If you walk into any new mixed martial arts gym, which seem to be popping up everywhere these days, you will see some similarities in training styles, conditioning equipment and exercises. Large tires are being repetitively flipped and hammered, snorkels are worn during intense cardio intervals and kettle bells are being lifted, all in an attempt to emulate the latest fad workout that was seen the night before on a UFC countdown program or YouTube. Fitness and conditioning, like the fashion industry, often succumb to the latest and ‘sexiest’ new trend. This leads to the replacement of “exercise science” with “exercise fashion.”
When designing exercise programs for a particular sport, especially combative sports, it is important to stay focused on the main goal, which is to build an improved athlete. In order to achieve this goal we must remember to develop a solid ‘base’ in order for the body to deal with the stress of practice and competition. Although the newest catch phrases, such as “sport specific training,” and “functional training”, are in ‘fashion’́, proper and effective sports conditioning programs must ensure the development of the basic tenets of athleticism: strength, speed, agility, and power. It is only after a person has developed a solid base in all of these areas that they can focus on training geared towards a specific sport or discipline. This article will therefore focus on just one of the basic tenets: strength. Specifically a single exercise that is more effective than any other in building pure, raw strength, the deadlift.
Cases of injuries and false claims of danger often lead to the absence of the deadlift from strength and conditioning programs. However, this exercise has been a staple of ‘serious’ power lifters from the dawn of their sport and is often termed the “King of Exercises” by some of the strongest men and women.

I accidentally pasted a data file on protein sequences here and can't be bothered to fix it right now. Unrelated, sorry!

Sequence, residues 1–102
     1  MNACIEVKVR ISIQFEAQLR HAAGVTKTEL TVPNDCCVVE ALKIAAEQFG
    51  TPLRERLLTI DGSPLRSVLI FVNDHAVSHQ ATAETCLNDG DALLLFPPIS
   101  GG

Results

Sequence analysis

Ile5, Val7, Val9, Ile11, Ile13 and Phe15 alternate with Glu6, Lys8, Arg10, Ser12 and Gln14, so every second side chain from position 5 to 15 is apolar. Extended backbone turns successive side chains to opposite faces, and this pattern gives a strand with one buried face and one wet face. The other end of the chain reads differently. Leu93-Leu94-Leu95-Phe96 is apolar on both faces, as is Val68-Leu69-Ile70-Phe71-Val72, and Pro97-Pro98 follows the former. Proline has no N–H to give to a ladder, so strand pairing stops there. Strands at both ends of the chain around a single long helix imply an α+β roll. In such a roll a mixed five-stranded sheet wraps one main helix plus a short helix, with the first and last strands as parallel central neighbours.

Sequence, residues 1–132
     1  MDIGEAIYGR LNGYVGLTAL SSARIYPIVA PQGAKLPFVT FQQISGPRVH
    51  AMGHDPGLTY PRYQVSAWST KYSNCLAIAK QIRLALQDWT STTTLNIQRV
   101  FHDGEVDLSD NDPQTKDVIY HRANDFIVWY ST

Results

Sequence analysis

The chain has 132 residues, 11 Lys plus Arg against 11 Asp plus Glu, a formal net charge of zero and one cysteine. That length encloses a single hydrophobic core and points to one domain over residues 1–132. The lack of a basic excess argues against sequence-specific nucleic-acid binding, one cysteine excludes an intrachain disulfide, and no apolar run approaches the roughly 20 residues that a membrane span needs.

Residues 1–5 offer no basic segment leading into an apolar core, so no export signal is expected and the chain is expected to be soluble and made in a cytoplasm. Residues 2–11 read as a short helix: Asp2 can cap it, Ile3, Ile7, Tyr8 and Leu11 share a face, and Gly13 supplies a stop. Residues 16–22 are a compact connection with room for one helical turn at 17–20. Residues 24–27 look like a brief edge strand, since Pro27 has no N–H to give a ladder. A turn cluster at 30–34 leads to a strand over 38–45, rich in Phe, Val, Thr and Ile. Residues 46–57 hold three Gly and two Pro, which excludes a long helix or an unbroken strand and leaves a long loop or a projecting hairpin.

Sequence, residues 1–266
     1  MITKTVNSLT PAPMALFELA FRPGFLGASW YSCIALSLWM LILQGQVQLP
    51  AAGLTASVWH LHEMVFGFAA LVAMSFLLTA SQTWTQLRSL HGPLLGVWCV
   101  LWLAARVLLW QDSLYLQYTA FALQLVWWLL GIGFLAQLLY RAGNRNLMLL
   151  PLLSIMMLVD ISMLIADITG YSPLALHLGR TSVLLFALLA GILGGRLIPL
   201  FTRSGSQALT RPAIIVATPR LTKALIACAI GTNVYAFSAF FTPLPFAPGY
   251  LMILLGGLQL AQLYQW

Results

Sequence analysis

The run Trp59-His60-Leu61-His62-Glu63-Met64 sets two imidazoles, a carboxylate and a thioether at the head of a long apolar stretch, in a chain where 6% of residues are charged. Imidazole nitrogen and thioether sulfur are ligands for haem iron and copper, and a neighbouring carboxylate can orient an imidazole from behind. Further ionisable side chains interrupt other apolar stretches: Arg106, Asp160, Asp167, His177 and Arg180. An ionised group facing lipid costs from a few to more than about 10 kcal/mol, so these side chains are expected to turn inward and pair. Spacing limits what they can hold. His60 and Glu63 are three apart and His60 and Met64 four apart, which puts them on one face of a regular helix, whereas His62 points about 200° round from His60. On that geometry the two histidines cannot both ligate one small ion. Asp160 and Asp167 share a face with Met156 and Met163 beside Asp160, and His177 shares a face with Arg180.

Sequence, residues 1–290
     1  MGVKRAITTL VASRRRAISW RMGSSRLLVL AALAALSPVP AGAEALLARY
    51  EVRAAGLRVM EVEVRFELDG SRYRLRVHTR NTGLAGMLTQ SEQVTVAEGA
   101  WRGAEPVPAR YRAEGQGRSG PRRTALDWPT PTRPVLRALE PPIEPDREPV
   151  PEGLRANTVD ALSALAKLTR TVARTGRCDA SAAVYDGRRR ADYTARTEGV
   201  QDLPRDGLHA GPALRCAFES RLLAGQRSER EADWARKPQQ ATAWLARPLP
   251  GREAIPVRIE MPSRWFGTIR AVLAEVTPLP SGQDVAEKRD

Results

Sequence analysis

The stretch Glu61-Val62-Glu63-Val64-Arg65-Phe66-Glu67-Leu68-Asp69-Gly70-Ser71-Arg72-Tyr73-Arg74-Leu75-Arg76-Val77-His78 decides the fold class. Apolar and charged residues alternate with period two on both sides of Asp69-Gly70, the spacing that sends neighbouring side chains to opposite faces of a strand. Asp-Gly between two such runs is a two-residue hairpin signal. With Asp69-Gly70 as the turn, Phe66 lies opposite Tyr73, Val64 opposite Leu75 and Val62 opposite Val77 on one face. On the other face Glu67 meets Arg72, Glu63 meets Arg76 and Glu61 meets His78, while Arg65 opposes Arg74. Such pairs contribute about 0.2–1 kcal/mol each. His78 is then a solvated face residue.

The deadlift is considered a “full body” exercise as it stresses the legs, lower back and core, the upper back, shoulders, arms, and even forearms, all simultaneously. In terms of transferring skills from the weight room to the MMA gym, the primitive act of lifting weight off of the floor can be related to any combat sport. Perhaps most importantly, the deadlift conditions the lumbar spine to remain rigid during movement, which allows power to be transferred through the trunk.
Take for example the act of throwing a punch. Any savvy heavy handed fighter will tell you that the generation of a powerful punch begins in the legs, hips and pelvis, travels up the lumbar spine and core, through the shoulder, and out the arm. A weak core or lumbar spine causes a break in this chain (termed the “Kinetic Chain”) which causes power to be lost before it reaches its target. The deadlift fortifies several links in the chain allowing for a smooth transfer of the improved strength to the competition floor.
Performing the Deadlift
As was previously mentioned, proper deadlift technique takes time to master and is frequently performed incorrectly; and an incorrect deadlift is a potentially dangerous act. It is advised that you seek the guidance of an experienced trainer before you load up the bar and start lifting. In addition, many full books have been written outlining the proper mechanics of this lift, which may help you along the way. This short article is in no way going to cover all of the minor details of the deadlift. I hope to outline some of the basic mechanics of the lift.
Equipment – One of the best qualities of this exercise is the fact that it doesn’t require any fancy, expensive machinery, like all effective exercises. All that is required is a standard long bar with some plates. Even wearing shoes is optional! In fact, I recommend performing the lift bare foot in order to ensure maximum force transfer from your feet to the ground during the lift.
If you can’t fathom going barefoot in your gym, wrestling shoes will work almost just as well. Avoid using shoes with a great deal of cushioning as it will lead to a loss of force which means you will not be able to lift as much weight.